• Later in life, children are older, and child custody and child support disputes may be over — but different child-related issues arise. We craft fair and clear prenuptial agreements, to ensure the proper transfer of property or possessions to your children, in the case of remarriage.

Important Things to Know About Residency Requirements for Divorce

When you begin the divorce process, you must understand the rules about where you can file your papers and which court has jurisdiction over your case. These are known as residency requirements.

Before you can file, you must satisfy the basic legal requirement that either you or your spouse have a residence or domicile in that state. The concept of “residence” is simple — it just means that either you or your spouse have been present in the state for a certain amount of time.

“Domicile” is slightly more complicated. More than just being present in the state for a certain period, either you or your spouse must have a permanent, single home in the filing state. To establish domicile, courts consider factors such as where an individual works, votes, banks, has a registered vehicle and where his or her children attend school (if applicable)

Even if you are not able to establish domicile, there is a good chance you will still be able to file for divorce if you meet the residency requirements of the state.

Filing Divorce Paperwork

When you are ready to file, you will submit the required paperwork in the state where either one or both of you can establish residency or domicile. If you can establish residency or domicile in multiple states, then you have the option to file for divorce in any of them. In this scenario, it is important to consult with a divorce lawyer about where you are most likely to get a favorable outcome.

Free Consultation with Divorce Lawyer in Utah

If you have a question about divorce law or if you need to start or defend against a divorce case in Utah call Ascent Law at (801) 676-5506. We will fight for you.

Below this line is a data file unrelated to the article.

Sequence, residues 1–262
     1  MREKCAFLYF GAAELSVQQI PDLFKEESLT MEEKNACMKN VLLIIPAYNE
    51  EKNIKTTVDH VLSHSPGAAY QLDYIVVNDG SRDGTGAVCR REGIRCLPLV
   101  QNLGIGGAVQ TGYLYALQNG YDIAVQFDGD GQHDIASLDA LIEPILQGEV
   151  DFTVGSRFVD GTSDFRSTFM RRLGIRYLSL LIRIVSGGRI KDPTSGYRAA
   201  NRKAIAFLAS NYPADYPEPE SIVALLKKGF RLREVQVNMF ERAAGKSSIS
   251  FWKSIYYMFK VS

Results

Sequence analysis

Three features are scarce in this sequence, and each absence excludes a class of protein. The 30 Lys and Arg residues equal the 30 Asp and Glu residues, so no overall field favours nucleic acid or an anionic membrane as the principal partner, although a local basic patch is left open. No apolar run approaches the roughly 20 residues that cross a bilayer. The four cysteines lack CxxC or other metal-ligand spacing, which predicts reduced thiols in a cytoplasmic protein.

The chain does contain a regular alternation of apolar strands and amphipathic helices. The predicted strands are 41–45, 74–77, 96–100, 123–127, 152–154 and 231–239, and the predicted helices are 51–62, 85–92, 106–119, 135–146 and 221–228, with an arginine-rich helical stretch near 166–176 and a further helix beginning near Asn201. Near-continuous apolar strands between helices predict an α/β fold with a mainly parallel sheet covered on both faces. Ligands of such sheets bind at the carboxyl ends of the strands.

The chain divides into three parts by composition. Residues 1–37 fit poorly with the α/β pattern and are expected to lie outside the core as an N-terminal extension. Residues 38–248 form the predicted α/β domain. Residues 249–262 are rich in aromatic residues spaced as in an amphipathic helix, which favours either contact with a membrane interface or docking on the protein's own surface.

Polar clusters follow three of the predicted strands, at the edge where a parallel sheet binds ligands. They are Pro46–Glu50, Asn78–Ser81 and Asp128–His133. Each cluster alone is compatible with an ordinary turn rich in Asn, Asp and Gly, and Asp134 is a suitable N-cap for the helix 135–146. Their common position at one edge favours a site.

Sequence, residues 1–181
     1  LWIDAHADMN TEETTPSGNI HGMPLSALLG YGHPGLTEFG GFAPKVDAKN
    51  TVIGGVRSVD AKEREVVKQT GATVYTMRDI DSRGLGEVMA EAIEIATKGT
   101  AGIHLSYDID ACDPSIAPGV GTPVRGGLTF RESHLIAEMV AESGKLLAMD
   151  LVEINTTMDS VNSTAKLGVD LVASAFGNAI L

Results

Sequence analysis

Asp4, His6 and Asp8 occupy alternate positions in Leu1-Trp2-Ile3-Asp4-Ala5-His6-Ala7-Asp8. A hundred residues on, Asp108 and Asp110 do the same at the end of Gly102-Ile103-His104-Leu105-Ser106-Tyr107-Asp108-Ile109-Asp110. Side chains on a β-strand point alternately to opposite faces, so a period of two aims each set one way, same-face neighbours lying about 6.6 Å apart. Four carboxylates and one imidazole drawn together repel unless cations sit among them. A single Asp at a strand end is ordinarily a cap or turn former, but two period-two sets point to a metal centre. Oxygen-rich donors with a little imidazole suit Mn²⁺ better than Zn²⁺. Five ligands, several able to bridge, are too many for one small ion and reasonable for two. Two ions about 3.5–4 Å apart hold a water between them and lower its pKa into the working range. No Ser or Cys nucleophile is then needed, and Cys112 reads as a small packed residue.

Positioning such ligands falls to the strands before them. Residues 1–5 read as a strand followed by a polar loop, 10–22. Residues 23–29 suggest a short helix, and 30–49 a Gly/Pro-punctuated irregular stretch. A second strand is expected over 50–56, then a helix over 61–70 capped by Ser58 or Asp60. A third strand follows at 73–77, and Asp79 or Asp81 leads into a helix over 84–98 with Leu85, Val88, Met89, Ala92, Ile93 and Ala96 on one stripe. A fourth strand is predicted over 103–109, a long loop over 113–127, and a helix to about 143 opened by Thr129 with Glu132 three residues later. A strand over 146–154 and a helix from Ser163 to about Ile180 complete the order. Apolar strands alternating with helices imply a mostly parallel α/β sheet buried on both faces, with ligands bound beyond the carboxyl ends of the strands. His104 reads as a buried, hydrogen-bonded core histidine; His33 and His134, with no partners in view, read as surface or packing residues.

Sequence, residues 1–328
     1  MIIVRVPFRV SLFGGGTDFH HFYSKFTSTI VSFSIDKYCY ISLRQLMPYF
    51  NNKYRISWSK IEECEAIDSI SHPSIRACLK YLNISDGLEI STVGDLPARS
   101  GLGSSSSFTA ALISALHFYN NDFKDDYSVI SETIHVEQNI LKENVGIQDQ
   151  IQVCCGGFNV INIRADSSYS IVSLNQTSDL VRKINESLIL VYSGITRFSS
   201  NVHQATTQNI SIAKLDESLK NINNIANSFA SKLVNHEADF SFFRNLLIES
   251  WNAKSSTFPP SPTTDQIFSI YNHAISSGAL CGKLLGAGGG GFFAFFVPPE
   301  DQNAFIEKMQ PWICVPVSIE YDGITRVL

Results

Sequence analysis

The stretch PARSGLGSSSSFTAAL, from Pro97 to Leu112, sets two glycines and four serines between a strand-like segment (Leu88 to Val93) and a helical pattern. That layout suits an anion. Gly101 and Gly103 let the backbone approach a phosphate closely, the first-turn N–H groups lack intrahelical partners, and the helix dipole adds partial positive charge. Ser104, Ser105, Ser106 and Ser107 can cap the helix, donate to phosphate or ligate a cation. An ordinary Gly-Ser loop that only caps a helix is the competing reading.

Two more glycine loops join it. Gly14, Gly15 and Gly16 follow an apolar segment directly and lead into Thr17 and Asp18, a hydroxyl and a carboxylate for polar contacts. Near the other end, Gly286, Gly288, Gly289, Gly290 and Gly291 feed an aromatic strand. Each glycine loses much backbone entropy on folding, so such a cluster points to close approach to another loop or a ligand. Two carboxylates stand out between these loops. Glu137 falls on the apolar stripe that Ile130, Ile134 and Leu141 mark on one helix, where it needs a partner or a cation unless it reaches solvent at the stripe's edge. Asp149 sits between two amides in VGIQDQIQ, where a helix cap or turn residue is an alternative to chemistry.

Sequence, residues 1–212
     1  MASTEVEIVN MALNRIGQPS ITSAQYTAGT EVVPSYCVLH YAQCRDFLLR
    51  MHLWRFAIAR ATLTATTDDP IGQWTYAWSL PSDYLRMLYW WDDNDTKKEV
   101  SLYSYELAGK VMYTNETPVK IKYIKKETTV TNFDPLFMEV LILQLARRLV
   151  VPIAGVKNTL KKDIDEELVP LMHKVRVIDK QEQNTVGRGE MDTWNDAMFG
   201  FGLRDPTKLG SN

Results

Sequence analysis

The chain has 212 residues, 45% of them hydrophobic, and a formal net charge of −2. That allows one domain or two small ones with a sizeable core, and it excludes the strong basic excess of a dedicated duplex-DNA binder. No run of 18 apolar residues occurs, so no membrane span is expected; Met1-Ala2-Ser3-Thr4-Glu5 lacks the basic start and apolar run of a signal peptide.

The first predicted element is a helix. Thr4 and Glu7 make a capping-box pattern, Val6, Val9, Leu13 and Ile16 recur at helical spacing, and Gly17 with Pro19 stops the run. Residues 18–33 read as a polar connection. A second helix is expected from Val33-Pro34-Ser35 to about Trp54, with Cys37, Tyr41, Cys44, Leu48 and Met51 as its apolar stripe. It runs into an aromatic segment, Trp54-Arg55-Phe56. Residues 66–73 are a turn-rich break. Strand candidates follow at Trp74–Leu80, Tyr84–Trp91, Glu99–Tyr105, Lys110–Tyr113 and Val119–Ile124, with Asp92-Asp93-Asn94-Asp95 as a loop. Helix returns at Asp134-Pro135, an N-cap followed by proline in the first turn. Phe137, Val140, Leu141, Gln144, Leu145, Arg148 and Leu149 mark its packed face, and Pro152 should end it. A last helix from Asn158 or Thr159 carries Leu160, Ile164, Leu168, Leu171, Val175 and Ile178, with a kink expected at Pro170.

Michael R. Anderson, JD

Ascent Law LLC
8833 S. Redwood Road, Suite C
West Jordan, Utah
84088 United States

Telephone: (801) 676-5506

Leave a Legacy

Leave a Legacy

A will is no longer just for distributing your worldly possessions. With so much of life being handled online, it’s likely you have digital assets that need to be addressed in your estate plan. From your Paypal account to your music library, this digital footprint can live on for years, even decades after you pass away.

A digital will may be just what you need to protect your privacy rights and ensure your property is properly transferred. It doesn’t need to be a legal document like your official will. A digital will can simply be a list of all your digital property, where it’s stored, and the user name and email address associated with each account. Here’s what you need to know when planning for your digital estate.

Creating a Digital Will

A digital will can be an informal document that allows family members to close down your online accounts. If you want to transfer rights to things such as a domain name or a website, it’s advisable to account for these in your formal will. Here are a few steps to create your digital plan:

  1. Inventory Your Digital Footprint

Create a list of all the sites where you have accounts, including social media, photo storage, email accounts, online brokerage accounts, blogs and accounts that automatically withdraw from your bank account.

  1. Draft Detailed Instructions

Let people know what you’d like to see happen with each account. For example, you may not want your Facebook page memorialized, but you do want your photo albums shared with loved ones.

  1. Select a Digital Executor